NCPA - National Center for Policy Analysis


September 24, 1997

Voucher schools and other educational choice proposals seem to be winning proponents -- from some top federal officials down to inner-city parents. Analysts say the desire for continued economic progress is a major reason for growing support for the movement.

Federal Reserve Board Chairman Alan Greenspan has said that future economic growth will depend upon better basic education at the elementary and secondary levels. His colleague, Chicago Fed president Michael Moskow, wants to impose market discipline on public schools "by allowing consumers to choose among alternatives."

  • Polls show that parents of public school students are now about evenly divided over the question of allowing students and parents to choose a private school education at public expense -- when as recently as 1993, 72 percent were opposed and only 27 percent favored choice.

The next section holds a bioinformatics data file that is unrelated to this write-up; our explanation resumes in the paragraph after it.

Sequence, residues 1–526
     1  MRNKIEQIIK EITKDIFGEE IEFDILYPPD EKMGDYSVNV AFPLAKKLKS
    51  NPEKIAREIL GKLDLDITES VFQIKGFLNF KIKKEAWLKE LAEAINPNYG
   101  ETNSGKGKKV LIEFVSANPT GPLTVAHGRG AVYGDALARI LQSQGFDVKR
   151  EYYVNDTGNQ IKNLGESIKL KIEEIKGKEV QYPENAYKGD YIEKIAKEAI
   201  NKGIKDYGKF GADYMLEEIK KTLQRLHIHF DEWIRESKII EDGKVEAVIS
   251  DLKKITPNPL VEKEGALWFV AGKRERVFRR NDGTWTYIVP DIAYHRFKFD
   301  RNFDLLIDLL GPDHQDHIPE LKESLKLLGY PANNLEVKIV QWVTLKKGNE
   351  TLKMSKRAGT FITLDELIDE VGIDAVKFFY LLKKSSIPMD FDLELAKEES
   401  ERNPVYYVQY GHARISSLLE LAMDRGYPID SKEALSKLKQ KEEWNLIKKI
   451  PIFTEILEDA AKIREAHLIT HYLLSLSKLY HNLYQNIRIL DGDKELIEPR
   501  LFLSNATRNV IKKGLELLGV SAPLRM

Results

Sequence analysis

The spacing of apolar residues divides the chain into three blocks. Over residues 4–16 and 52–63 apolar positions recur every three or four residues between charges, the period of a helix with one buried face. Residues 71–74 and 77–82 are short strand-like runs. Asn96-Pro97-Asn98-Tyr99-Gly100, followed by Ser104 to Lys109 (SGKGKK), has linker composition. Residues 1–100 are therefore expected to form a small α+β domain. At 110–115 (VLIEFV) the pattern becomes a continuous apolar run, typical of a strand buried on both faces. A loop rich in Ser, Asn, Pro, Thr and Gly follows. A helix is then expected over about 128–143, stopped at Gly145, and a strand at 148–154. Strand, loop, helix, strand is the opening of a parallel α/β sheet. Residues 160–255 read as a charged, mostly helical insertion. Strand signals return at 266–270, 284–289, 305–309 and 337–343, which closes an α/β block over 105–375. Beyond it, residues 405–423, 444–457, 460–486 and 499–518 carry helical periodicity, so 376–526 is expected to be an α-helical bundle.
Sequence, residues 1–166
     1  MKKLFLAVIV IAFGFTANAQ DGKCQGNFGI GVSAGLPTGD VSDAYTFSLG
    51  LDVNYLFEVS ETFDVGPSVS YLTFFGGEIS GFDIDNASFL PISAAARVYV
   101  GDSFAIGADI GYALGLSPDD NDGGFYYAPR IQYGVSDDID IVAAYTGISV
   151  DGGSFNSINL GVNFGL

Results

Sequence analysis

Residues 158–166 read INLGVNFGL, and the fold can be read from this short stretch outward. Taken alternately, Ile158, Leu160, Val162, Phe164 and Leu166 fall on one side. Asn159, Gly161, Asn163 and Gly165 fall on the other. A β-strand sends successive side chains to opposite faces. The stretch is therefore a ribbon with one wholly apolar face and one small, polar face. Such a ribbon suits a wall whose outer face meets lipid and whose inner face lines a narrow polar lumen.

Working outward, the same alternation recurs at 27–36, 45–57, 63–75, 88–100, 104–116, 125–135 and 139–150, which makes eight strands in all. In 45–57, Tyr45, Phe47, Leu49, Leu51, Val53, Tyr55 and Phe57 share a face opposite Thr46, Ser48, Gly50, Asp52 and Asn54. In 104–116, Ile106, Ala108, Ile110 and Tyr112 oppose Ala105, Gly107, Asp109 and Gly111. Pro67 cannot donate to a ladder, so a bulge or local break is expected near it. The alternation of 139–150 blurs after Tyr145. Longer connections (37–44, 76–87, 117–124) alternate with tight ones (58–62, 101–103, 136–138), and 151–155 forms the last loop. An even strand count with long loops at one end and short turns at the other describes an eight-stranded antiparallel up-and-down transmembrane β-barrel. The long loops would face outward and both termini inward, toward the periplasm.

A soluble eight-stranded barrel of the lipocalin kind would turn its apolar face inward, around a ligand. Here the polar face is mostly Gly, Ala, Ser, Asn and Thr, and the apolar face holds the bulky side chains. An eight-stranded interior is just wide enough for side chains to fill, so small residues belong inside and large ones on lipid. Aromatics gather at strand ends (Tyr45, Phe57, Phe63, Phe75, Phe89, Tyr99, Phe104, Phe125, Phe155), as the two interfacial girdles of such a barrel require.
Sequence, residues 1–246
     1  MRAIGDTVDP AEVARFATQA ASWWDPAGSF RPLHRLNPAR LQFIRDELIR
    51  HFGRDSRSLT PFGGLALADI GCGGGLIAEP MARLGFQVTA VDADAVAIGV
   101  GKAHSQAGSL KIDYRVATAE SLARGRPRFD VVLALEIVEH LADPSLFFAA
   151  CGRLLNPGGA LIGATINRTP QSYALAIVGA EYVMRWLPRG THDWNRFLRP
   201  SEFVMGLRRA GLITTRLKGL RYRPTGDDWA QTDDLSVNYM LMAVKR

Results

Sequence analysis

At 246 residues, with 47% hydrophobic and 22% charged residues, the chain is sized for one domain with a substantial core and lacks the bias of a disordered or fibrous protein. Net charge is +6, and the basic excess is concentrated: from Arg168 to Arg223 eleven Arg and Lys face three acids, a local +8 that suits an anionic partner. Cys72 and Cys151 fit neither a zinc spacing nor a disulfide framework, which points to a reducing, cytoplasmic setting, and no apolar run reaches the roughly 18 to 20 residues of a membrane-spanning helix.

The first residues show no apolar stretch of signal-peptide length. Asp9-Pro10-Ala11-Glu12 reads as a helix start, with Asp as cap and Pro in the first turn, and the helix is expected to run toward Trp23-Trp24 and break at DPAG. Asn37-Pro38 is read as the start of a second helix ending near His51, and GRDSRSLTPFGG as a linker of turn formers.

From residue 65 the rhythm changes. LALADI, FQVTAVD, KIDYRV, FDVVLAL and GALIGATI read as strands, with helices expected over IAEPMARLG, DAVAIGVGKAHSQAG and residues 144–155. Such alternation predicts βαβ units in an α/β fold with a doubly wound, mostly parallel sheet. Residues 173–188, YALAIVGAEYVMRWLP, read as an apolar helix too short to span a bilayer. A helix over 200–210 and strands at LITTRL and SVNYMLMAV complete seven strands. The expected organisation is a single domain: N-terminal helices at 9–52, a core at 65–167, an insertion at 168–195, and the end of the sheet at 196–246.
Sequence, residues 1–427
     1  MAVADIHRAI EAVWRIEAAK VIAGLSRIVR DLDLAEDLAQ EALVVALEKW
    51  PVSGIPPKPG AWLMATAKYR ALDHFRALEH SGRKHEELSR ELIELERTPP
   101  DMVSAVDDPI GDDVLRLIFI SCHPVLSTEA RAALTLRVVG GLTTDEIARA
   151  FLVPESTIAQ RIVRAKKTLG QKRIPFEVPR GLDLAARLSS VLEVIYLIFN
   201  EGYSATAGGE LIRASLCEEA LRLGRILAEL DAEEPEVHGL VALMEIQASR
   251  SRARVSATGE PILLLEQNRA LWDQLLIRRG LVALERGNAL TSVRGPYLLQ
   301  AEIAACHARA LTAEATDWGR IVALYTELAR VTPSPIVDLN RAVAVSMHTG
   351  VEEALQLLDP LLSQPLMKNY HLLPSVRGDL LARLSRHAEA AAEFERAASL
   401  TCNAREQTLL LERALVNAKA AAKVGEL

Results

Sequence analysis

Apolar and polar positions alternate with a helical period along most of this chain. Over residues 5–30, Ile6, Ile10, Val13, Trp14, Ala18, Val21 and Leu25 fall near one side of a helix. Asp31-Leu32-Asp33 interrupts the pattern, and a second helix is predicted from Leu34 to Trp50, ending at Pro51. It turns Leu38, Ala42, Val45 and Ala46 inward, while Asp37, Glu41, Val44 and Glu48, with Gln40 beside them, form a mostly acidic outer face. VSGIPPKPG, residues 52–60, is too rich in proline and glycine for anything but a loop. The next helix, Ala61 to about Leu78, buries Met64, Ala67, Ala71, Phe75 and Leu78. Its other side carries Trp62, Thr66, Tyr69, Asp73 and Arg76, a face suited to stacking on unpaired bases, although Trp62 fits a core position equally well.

• Black families now favor vouchers by 72 percent, urban residents by 59 percent, and businessmen and professionals by 53 percent.
  • The number of corporate-backed school choice programs has grown from almost nothing in 1991 to 32 so far this year.

Source: Peronet Despeignes, "Economists See School Reforms as Key to the 'New Economy,'" Investor's Business Daily, September 24, 1997.


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